The social bit afterwards - have a few packs of chocolate buttons and a bottle of bubble mixture. I always found that at painful family gatherings, you can usually entertain a small child and have fun. Then if it is a do at someone's house, head for the kitchen to see if you can help out. Other people who don't feel comfortable in social settings will be there so you can meet a kindred spirit and garner some brownie points which might come in useful, in future. (My alternative strategy is to find Great Grannie in the corner. She is sometimes a wonderful source of entertainment.)

Alternatively, just smile and nod lots, and enjoy a few glasses of wine, and do some people watching.

WestieMamma Tue 22-Apr-14 10:15:38

DS is being baptised in a few weeks. I haven't issued any formal invitations. Do people even do that for christenings?confused
I guess nobody'll turn up and I'll be eating egg sandwiches for a month.

Braganza Tue 22-Apr-14 10:13:28

Amanda I think so too. Sadly societal norms suggest this would be taken pretty badly, as other posters demonstrate.

rainbowfeet Tue 22-Apr-14 10:11:55

Is it worth upsetting your partner & his family over though?!!

I mean relationships are give & take.. Your Dp may have already been or will go to in the future gatherings with your family & friends that he'd rather not but you do these things for love!

Braganza Tue 22-Apr-14 10:09:57

lucked obviously that would be perfect, but to be honest they probably think I'm rude anyway.

TheRealAmandaClarke Tue 22-Apr-14 10:06:54

I think you should stay at home so you don't spoil the occasion for everyone else.

Thomyorke Tue 22-Apr-14 10:06:06

I suppose it is the dynamics of individual family, I could imagine the thread of MIL/DM inviting people who where not wanted and why would you turn up without being invited by the host? I would like notification from the host, it does not have to be fancy, but it would be nice to hear it from them.

Braganza Tue 22-Apr-14 10:05:43

Jaysaway, you probably missed the bit where it wasn't the lack of a formal invitation, but of anything like 'little baby will be christened at xchurch on sunday'. I would have expected something similar.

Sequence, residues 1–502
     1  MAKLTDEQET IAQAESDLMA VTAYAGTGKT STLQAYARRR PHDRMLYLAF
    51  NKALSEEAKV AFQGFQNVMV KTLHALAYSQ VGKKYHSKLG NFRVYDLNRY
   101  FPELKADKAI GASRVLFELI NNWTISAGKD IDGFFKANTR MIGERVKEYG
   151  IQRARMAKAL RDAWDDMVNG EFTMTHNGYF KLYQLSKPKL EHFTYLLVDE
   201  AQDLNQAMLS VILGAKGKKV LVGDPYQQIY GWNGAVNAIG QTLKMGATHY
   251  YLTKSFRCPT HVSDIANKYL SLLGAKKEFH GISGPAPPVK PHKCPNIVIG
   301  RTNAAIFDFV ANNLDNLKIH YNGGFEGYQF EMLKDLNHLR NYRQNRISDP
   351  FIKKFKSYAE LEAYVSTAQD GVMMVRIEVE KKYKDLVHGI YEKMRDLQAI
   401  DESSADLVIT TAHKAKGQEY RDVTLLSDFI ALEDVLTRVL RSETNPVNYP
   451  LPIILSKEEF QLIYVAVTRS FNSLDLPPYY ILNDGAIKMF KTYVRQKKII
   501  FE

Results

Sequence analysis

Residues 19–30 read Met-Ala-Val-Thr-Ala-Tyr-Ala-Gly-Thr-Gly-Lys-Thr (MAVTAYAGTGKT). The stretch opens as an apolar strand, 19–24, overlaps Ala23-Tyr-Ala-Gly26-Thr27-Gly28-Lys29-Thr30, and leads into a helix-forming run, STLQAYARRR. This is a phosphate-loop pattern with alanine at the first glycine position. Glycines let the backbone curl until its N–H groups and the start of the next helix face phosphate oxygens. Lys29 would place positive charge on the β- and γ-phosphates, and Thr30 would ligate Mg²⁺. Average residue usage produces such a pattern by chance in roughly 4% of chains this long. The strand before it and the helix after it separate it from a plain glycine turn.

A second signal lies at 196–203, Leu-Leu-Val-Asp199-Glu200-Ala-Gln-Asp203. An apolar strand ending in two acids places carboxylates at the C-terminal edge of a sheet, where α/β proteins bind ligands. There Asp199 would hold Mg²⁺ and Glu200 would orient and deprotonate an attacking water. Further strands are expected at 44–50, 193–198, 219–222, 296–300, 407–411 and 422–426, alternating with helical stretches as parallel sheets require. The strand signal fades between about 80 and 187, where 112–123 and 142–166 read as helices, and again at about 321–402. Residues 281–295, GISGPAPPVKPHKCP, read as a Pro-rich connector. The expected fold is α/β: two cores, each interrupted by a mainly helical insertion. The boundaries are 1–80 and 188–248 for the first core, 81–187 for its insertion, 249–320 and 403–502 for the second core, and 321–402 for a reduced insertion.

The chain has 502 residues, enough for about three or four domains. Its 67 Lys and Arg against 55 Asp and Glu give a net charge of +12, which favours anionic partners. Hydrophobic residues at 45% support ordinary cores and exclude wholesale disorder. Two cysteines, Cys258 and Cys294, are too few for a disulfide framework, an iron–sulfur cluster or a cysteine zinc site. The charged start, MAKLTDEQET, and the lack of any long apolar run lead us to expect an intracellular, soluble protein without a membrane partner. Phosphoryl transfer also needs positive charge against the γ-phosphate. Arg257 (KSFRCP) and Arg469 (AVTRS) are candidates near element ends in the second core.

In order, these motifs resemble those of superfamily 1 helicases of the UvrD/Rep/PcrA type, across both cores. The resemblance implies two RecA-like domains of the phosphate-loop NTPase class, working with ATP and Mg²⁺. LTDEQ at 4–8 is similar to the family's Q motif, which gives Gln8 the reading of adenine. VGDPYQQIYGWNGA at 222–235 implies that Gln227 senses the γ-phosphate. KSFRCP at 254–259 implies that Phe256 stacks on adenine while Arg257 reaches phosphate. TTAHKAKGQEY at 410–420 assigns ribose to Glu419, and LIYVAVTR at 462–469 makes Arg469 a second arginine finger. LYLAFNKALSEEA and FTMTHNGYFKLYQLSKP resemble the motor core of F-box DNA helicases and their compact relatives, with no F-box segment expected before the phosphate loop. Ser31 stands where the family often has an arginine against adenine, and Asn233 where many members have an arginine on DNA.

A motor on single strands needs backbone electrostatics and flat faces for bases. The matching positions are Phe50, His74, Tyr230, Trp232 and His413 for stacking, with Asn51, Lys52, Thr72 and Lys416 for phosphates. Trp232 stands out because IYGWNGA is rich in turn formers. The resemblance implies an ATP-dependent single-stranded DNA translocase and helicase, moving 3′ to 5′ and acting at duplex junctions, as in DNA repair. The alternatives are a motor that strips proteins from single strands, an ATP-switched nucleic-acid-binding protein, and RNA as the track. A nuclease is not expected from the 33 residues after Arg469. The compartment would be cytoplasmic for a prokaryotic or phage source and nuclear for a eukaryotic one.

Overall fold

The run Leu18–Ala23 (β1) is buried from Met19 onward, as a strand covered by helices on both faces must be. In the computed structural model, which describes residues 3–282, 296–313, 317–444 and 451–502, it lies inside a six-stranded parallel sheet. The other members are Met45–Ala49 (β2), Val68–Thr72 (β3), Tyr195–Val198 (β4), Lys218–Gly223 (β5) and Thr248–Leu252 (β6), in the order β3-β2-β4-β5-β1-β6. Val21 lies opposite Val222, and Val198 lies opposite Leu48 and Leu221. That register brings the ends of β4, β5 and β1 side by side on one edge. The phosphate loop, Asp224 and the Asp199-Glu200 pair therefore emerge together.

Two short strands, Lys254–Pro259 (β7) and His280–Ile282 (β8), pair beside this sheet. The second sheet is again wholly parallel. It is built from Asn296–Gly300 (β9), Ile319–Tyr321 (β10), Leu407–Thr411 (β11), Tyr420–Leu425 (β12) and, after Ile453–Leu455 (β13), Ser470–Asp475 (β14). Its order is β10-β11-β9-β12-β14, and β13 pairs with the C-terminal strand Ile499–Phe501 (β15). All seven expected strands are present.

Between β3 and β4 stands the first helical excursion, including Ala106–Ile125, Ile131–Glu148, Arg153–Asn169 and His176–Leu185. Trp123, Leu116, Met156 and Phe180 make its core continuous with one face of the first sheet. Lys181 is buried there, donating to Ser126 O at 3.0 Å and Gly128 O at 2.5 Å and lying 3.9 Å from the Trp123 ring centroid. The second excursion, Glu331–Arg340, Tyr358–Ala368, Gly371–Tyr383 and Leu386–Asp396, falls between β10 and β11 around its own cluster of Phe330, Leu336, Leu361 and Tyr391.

Lucked Tue 22-Apr-14 10:05:30

So in reality you are looking for reasons not to attend but want to find one that isn't your fault and that you can pass off as due to someone else's rudeness!!

My mum phoned and told people about our DS's christening. It's a christening not a wedding.

Perhaps Mil told her daughter that she would be speaking to your DP and would let him know. It's not a big deal and your are being precious to think so.

iK8 Tue 22-Apr-14 10:04:00

Ah so it's more that you don't want to go. That's ok, lots of us find the in-laws a chore even when they're harmless enough.

So you need to have a plan to get you through if you're going, or come up with a good excuse if you're not. If it were my dh I would go, just because it's not fair to have him looking after the dc at a big event. Just a visit or lunch then I might send dh on his own and enjoy doing fuck all at home!

To help get me through I would play a game of bigot bingo with dh and use the children as an excuse to get away. There would also be a firm end time to look forward to.

jaysaway Tue 22-Apr-14 10:02:31

a family occasion is a family occasion i have never had a formal invite to a christening it was always little baby will be christened at xchurch on sunday please come, oh ok then that will be lovely, I am not sure what you are after somebody on horse back and scroll to formally invite you TBH i wouldn't invite you either if i thought you had better things to do with your Saturday, don't go you will be miserable at the lack of formality

OneStepCloser Tue 22-Apr-14 10:00:36

It looks as though you are looking for an excuse not to go, if you don't want to go tell your DP that you find social occasions hard and let him take the kids and have a day relaxing. If your DP would like your support then I would just grin and bare it, it's only one day. I have a SIL I don't like but I would smile grimace for the day if I had to, and just pour a huge glass of wine when I got back home.

GoldenGytha Tue 22-Apr-14 09:58:04

I have never been to a christening that didn't have a formal invitation, I am the only one in my family whose DC were christened (though I no longer follow that religion) and I sent formal invitations to everyone.

I wouldn't be bothered or upset by a word of mouth invitation though. Just go and have a lovely day!

Goldmandra Tue 22-Apr-14 09:53:57

* I think it's more a question of whether I should go for DP's sake though.*

If you're throwing your toys out of the playpen over not receiving a formal invitation you're unlikely to add much of value to the occasion anyway.

Show a bit of integrity and stay away. Spend the day at home and do something you want to do but make sure you are polite and interested when they get home for your DC's sake.

Braganza Tue 22-Apr-14 09:53:15

I really wish I hadn't started this thread now. I know I am self absorbed, and wanted an excuse not to have to wear uncomfortable clothes and make uncomfortable small talk for six hours. I find social occasions like this a trial as I'm not good with people. Suspect that people would have a better time if I wasn't there, but sounds like I ought to go anyway

littlegreengloworm Tue 22-Apr-14 09:48:37

Definitely go. I don't like my SIL but I would always go and be nice too.